Jan22

Fort Manoel, Malta

Inside Marsamxett harbour lies a small leaf-shaped island once known as the Isoletto.  Its strategic value emerged with the construction of Valletta on Mount Sciberras, when the threat it posed to the western flanks of the new city began to feature prominently in the engineers’ reports. 

 

The earliest scheme to fortify this little island appears to have been proposed in 1569, in a report ‘Discorso sopra le fortificatione’ signed ‘Cavagliere di Malta’, written by an anonymous foreign member of the Order who realized that the enemy would attack Valletta from Marsamxett Harbour and bombard St Michael’s bastion from the Isoletto. To deny the enemy this possibility, the ‘Cavagliere di Malta’ proposed the construction of a ‘piatta forma’ with ‘due teste dipendente, affine che nella batteria che vi si facesse sempre vi restasse piazza di buona forma.’ This small fort, consisting of a cavalier surrounded by a detached low battery, was to be surrounded by a glacis but this work was never taken in hand even though the threat posed by the ‘Isoletto assai eminente’ was again demonstrated by Scipione Campi in 1577 and by Giovanni Battista in 1582.

 

360 degree panorama of Fort Manoel, Courtesy of Maltain360.com. A panorama of the Fortress's Piazza can be viewed here.

In 1643 the land on the Isoletto, which then belonged to cathedral chapter of Mdina, was acquired by the Order in exchange for an area of land known as Tal-Fiddien, in the vicinity of Rabat, in order to enable the knights to build the Lazzareto, a quarantine hospital. It was only in the late seventeenth century, however, that the Order seriously began contemplating the fortification of the Isoletto

 

 

 

 

 

 

 

 

 

 

 

 

In 1760 Maurizio Valperga  produced a scheme for the defence of the harbour in which he included a design for a fort to defend the Isoletto.  Francesco Collignon’s plan of the harbour, dated 1688, probably shows Valperga’s fort.  This depicts an irregular hexagonal work with four bastions and one demi-bastion facing Valletta.  A small hornwork protected the fort’s land front while a small tenaille, connected to the covertway by a small caponier, was so designed to command the harbour.

Valperga’s proposed fort was criticized both by Count Vernada and Blondel in 1671, as being too small. This prompted Grunenberg in 1682, to design a larger fort with a ‘falsabraga, assi a los dos flances, como a la cortina, su fosso abierto, ravelin, estrada en cubierta, y explanada, y la demas obra que la revine’. At that time, however, the Order was already heavily committed to the construction of the Cottonera lines and Fort Ricasoli and, consequently, the erection of yet a new fort fell well down the list of its priorities.

The next recommendations came in 1715 when the French engneer Tigné designed a small square fort with four corner bastions and a ravelin on its land front with which the knights could deny an enemy la facilité des’establir, d’on ne parroit por in commander la Cité Vallette et attaquer la Religion dans son centre.’ He estimated that this would cost 25,000 scudi.  Philippe Maigret, on the other hand, proposed a small casemated redoubt with covertway and polverista, to be situated in the middle of the Isoletto and connected by a long caponier to a large battery covering the narrow strip of water separating the island from the mainland for the cost of 2,600 scudi.  Contemporary plans reveal that both these proposals were incorporated in another elaborate scheme, whereby troops inside the battery could retreat safely in stages through the long caponier to the separate outerworks, i.e. to the redoubt, through the lunette, and up to the place-of-arms, and into the fort.  The large casemated redoubt, roughly in the centre of the island was a perfect square in design and was to be surrounded by a dry ditch and a covertway with two places-of-arms.  The centre of the redoubt was to be occupied by a conical  polverista similar to the one later built inside Fort Chambrai.  The stretches of caponier linking the various works were reinforced at intervals by short traverses with  crochets,  i.e. short and narrow passages  made round the head of the traverse to enable troops to bypass the traverse when moving along the caponier or covertway.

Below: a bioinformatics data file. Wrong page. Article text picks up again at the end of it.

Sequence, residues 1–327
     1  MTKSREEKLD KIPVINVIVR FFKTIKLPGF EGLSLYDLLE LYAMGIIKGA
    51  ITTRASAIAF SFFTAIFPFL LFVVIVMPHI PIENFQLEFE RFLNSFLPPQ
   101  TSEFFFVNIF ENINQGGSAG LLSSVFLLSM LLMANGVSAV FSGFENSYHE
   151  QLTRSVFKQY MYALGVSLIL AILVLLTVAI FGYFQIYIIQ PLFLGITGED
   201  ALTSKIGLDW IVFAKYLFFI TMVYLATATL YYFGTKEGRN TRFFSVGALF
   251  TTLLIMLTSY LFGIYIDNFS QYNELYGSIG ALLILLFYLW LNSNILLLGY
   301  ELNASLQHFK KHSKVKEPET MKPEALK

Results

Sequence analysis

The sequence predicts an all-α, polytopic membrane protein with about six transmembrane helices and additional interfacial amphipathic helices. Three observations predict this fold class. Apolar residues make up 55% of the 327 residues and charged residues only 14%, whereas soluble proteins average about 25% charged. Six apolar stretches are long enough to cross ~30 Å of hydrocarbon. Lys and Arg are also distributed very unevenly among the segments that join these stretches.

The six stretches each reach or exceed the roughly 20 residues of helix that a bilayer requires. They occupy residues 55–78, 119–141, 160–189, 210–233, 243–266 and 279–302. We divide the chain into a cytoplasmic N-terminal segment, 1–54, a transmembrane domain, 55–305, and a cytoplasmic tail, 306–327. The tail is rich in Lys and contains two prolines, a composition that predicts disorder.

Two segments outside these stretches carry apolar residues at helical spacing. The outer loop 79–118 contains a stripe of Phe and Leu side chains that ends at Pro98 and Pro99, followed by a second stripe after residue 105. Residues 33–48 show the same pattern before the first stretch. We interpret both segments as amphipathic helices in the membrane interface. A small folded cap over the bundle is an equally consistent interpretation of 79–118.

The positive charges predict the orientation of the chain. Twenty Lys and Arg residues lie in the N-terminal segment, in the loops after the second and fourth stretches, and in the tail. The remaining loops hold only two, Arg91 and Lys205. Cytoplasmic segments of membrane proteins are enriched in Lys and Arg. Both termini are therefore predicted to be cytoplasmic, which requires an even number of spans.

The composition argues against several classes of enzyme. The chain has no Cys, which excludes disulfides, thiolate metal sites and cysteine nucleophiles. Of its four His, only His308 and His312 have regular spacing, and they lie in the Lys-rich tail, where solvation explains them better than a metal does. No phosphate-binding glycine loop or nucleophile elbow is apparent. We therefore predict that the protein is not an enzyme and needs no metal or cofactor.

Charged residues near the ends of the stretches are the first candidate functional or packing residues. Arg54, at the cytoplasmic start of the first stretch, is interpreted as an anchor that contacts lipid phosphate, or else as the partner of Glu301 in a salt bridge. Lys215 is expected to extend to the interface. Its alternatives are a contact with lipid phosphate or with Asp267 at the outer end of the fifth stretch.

The fort designed by Brigadier rene Jacob de Tigné was a star-shaped work with four corner bastions, a large ravelin, and tenaille in the ditch.  One version of his design shows an asymmetrical fort contorted to one side.  Both engineers, however, classified this project as being non-urgent and were ready to postpone the building of the fort until the Order’s financial position rendered itself more favourable.  The opportunity presented itself during the reign of Grand Master Antonio Manoel de Vilhena.  The decision to fortify the Isoletto was finally taken in 1723, and this was only made possible by the grand master’s generosity.  Charles François de Mondion, the Order’s resident engineer, was commissioned to design the new work, but in effect Mondion only modified and elaborated Tigné’s original design (‘le Forte Manoel execute par MM. le Chev. Mondion d’apres les projets de M. le Chev. de Tigné’).

The first stone was laid with due ceremony by the grand master on 14 September 1723, in the presence of molte Gran Croce e da una grande comitiva di Cavaglieri, affinchè ben fosse in sua presenza collocata la prima pietra in detta fabbrica, come seguito dopo aver l’Emin. Sua lasciato a futura memoria diverse monite.’  Vilhena offered to pay for the fort and established a fund of 6,000 scudi to provide for its garrison and maintenance ‘con intenzione altresi di stabilire una rendita annoale e sicura che basta a mantenere un competente presidio.’  Work on the fort progressed rapidly and, by 1732, the ditch had already been excavated. The date on the main gate reads 1726.